The Meiorin Test and Bona Fide Occupational Requirements

Tawney Meiorin was a forest firefighter for the Province of British Columbia.  At the time she was dismissed, she had successfully worked for the Province of British Columbia for three years in a crew that attacked and suppressed forest fires.  In May of 1994, the Province introduced a new fitness testing regime.  Ms. Meiorin passed the first three tests but was unable to successfully complete the last test.  After four failed attempts to run a 2.5-kilometre route in full firefighting gear within an 11-minute time frame, Ms. Meiorin was terminated.

Ms. Meiorin’s labour union launched a grievance to dispute her termination arguing she had been wrongfully dismissed.  The new fitness tests were developed to address a 1991 Coroner’s Inquest which recommended that only physically able-bodied individuals be charged with fighting forest fires as a safety measure.  An aerobic standard designed to evaluate the rate at which the body can take in oxygen was implemented following the 2.5-kilometre run in full gear.  The Province, Ms.  Meiorin’s employer, argued that this new testing regime constituted a bona fide occupation requirement (“BFOR”).  BFORs are necessary requirements of a job which on their face may be discriminatory, but because they are necessary to perform the job, they are precluded from Human Rights legislation.  For example, to wash windows on skyrise buildings, a BFOR may be that the individual has use of their limbs.  In Ms. Meiorin’s case, her employer felt that this new testing was necessary to ensure the safety of its firefighting team.


The matter was heard by an arbitrator for the British Columbia Human Rights Tribunal.  In the arbitrator’s findings, it was determined that the new fitness testing was discriminatory to women because women cannot achieve the same level of aerobic testing as men even with appropriate aerobic training.  The arbitrator determined the way in which this oxygen intake percentage was measured tended to favour males. 
(See British Columbia (Public Service Employee Relations Commission) v. British Columbia Government and Service Employees' Union Union 1997 CanLII 3694 (BC CA) at par.  9).  The arbitrator also noted the employer presented “no cogent evidence . .  . to support its position that it cannot accommodate Ms.  Meiorin because of safety risks,” and found Ms.  Meiorin did not present a safety risk to herself, her colleagues, or to the public.

Ultimately, Ms.  Meiorin was successful and was awarded both compensation and reinstatement in her position as a firefighter.

Appeal to the British Columbia Court of Appeal

The decision of the arbitrator was appealed to the British Columbia Court of Appeal.  The Appellant, The Government of the Province of British Columbia as represented by the Public Service Employee Relations Committee, was successful in having the arbitrator’s decision overturned.  In their decision, the Court disagreed with the adjudicator’s findings and found that reverse discrimination against men would occur as a result of allowing a lower oxygen intake by women and cited that the testing imposed for the firefighters was a BFOR.  The Appellant Court cited the case of Large v. Stratford (City), 1995 CanLII 73 (SCC), [1995] 3 S.C.R.  733.  In that decision, the Supreme Court held that it was a BFOR for a police officer working for the City of Stratford to be forced to retire at the age of 60.  The Court of Appeal determined, at paragraph 19, that an individual assessment was impractical and a general rule applying to all employees was necessary.  Simply put, to accommodate individuals based on their own testing was impractical.  Paragraph 19 states:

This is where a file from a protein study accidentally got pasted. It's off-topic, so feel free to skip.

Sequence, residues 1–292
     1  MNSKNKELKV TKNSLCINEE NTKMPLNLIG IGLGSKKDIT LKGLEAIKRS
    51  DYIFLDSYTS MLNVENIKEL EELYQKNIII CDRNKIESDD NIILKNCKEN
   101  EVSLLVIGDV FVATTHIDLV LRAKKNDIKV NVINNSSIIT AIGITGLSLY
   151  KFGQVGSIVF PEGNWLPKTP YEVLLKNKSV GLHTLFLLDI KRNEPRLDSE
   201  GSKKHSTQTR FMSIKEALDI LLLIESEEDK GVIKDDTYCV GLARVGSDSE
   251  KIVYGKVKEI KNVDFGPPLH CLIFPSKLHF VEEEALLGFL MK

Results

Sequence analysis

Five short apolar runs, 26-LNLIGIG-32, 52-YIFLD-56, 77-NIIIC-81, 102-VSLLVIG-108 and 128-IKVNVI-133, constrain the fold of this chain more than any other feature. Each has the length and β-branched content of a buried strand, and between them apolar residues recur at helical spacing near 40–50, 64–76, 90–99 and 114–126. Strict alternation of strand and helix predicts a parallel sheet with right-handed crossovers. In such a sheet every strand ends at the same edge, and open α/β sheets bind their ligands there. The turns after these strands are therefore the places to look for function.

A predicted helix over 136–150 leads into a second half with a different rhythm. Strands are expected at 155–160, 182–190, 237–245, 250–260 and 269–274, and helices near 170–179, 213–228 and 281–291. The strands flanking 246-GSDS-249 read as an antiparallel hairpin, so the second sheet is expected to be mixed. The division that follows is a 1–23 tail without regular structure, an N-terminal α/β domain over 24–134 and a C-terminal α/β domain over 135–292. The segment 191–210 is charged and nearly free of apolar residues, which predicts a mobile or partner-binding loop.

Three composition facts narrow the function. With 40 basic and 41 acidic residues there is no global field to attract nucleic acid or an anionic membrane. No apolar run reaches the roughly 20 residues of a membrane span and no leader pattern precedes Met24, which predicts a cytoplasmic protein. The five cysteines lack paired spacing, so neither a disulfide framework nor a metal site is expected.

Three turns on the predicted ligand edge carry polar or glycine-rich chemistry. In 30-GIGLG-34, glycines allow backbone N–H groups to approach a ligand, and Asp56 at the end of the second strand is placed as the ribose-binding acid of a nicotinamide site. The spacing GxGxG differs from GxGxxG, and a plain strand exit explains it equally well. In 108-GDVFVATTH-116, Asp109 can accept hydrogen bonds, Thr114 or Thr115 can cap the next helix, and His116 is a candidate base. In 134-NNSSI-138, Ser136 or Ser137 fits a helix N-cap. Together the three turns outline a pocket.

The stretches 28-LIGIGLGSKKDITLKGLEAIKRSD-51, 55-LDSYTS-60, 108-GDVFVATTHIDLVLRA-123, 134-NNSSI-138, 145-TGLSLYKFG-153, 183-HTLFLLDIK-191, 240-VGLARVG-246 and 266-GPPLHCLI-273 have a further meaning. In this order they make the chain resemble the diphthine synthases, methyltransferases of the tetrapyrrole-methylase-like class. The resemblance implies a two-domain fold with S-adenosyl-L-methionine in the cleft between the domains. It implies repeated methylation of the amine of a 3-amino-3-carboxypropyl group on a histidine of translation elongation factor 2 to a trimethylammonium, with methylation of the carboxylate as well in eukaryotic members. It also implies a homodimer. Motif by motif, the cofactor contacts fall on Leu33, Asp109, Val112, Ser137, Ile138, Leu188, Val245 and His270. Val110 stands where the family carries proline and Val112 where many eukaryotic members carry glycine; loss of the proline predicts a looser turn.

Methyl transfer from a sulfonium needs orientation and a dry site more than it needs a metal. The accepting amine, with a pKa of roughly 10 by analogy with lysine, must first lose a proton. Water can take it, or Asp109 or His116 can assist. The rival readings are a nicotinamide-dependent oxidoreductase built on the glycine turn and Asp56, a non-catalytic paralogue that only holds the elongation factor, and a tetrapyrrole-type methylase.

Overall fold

The significance of this case is the principle that in a case such as Large, an employer seeking to establish a bona fide occupational requirement must demonstrate that individual assessment is impractical and therefore a general rule is necessary.  The appellant submits that the necessary corollary to this principle must be that if individual testing is carried out, there is no discrimination.  We agree. 

The appeal was allowed, and the arbitrator’s award was set aside effectively nullifying the arbitrator’s award.

Appeal to the Supreme Court of Canada

The Supreme Court of Canada (SCC) reviewed the British Columbia Court of Appeal’s decision.  The SCC proposed a new, three-step analysis commonly referred to as the “Meiorin Test” to evaluate BFORs in the workplace.  The discriminatory rule or requirement must be: